Computational framework for studying charge transport in high-voltage gas-insulated systems
Electrical switchgear industry dealing with transmission and distribution of power is strongly affected by the changing dynamics of climate control. Their main contribution to the global warming is through SF6 gas, having a GWP of 23500 (times of CO2). SF6 plays an important role in providing electrical insulation for these high voltage systems. So, there is a need to find an alternative ‘green’ insulation system. The search is hindered because of lack of design criteria for dielectric withstand in highly inhomogeneous fields, as seen typically in gas- insulated switchgears (GIS). This needs a physical understanding of charge transport and dynamics under such electric fields. Additionally, the replacement gases are characterized by lower dielectric withstand performance and hence needs solid insulation together with gaseous insulation to enhance the electrical properties. This raises a need to develop combined gas-solid physical framework for charge transport and interaction in such systems. This includes initiation and propagation of electrical discharges in gas phase, interactions of produced gas discharge plasma with solid dielectric surfaces, charge transport though solid material, etc. The thesis focuses on developing a numerical simulation framework of discharge initiation and propagation, incorporating various charge generation processes for different insulation systems under highly inhomogeneous electric fields.
The mathematical model of non-thermal electrical discharges in the present thesis is composed of a set of time dependent highly non-linear partial differential equations (PDEs) describing charge transport by drift and diffusion under the influence of electric field incorporating various reactions (electron impact ionization, electron attachment, recombination, etc.). The reaction rate coefficients are calculated by two term Boltzmann approximation of electron energy distribution function. Another coupled set of PDEs for radiative transport process (photoionization), provides additional reaction sources. Solid insulation modelling includes additional PDEs for electron and hole transport inside the solid insulation. Charge injection from gaseous medium together with charge accumulation at the solid-gas interface is accounted for. The PDEs are solved by custom finite element logarithmic weak formulation with Petrov- Galerkin stabilization. This method is implemented in commercial code (COMSOL- Mathematical module). Adaptive mesh refinement techniques are used to speed up the calculation time. The developed method is validated against reference experimental data (nanosecond resolved) and published cases. Later, non-axial discharges, 3d branching, hybrid insulation study cases are presented.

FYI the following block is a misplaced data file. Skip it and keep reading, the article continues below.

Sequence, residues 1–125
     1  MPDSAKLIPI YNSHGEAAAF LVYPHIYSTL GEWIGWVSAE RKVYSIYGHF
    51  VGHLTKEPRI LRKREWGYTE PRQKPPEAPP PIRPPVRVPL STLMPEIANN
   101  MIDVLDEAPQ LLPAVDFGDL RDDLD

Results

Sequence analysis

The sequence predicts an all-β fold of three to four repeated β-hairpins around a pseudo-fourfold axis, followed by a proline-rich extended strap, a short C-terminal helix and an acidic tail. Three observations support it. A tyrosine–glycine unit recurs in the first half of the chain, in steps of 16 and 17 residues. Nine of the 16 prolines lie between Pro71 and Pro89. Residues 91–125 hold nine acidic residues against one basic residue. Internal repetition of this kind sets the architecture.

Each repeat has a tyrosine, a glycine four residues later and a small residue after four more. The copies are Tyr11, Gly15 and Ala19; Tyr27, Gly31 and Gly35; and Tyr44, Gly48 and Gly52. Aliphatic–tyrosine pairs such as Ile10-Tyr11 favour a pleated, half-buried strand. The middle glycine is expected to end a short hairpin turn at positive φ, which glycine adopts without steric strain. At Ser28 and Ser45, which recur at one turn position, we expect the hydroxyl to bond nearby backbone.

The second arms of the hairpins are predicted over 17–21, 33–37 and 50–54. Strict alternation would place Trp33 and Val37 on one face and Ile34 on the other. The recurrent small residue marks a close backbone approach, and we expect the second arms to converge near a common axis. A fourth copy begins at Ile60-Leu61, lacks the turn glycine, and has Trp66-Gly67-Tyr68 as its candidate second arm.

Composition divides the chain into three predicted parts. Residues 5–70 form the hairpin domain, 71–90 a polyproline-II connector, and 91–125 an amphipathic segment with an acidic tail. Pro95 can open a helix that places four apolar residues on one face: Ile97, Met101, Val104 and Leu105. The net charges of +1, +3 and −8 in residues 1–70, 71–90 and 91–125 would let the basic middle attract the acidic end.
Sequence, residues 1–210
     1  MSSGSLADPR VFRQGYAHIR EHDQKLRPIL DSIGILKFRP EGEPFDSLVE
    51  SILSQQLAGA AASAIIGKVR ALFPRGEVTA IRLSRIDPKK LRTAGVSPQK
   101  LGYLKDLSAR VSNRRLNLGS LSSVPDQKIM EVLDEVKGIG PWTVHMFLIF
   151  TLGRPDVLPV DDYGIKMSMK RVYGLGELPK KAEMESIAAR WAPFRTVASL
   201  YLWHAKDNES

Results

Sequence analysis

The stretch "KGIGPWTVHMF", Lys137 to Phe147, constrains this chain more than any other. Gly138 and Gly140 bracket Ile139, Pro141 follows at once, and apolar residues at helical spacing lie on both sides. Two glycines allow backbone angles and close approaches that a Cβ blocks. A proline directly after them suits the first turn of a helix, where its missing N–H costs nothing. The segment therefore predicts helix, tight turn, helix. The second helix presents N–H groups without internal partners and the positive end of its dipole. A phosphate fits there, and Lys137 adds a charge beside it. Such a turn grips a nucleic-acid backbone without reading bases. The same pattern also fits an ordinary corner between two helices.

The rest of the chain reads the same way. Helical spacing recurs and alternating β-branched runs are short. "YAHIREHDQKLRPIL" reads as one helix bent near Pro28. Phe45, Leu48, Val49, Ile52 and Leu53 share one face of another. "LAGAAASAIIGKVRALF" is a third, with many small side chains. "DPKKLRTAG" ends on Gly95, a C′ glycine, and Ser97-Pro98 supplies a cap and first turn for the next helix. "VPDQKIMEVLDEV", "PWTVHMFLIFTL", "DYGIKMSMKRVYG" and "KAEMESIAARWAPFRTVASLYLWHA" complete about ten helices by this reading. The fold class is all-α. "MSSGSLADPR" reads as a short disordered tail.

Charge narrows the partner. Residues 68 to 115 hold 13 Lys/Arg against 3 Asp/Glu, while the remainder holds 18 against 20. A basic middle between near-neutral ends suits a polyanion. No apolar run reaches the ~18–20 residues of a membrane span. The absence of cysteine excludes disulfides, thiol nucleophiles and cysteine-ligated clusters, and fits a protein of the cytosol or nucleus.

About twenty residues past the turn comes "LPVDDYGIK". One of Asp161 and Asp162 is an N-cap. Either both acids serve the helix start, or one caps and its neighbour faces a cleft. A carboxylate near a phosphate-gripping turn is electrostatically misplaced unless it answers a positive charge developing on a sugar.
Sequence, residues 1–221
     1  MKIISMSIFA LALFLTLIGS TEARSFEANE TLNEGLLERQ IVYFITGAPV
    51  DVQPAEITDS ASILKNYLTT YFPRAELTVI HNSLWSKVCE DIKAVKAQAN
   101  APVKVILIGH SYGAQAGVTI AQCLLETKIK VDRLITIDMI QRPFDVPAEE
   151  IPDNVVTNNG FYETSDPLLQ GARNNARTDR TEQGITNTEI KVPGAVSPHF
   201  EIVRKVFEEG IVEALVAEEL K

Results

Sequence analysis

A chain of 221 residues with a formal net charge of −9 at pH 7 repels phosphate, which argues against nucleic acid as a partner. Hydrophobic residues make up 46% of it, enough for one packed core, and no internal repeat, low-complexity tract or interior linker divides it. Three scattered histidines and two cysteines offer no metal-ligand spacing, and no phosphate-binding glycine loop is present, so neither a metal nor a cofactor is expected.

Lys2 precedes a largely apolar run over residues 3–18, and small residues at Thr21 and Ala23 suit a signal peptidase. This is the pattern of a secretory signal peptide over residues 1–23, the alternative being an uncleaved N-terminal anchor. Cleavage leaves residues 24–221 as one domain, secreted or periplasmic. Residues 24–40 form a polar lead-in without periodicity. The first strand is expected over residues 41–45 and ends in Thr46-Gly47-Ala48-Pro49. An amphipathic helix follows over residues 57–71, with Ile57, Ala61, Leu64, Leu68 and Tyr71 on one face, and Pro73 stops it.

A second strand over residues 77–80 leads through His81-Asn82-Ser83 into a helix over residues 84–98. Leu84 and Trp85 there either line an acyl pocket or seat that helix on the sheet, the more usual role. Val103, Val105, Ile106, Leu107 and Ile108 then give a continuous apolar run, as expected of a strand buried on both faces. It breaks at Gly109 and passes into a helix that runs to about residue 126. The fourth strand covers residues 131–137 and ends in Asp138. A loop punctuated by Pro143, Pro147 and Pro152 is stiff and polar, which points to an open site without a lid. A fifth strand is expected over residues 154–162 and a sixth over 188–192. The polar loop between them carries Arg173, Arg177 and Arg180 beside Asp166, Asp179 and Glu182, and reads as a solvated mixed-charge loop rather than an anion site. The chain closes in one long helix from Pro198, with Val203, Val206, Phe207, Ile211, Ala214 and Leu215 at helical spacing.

low temperature plasma
drift diffusion equation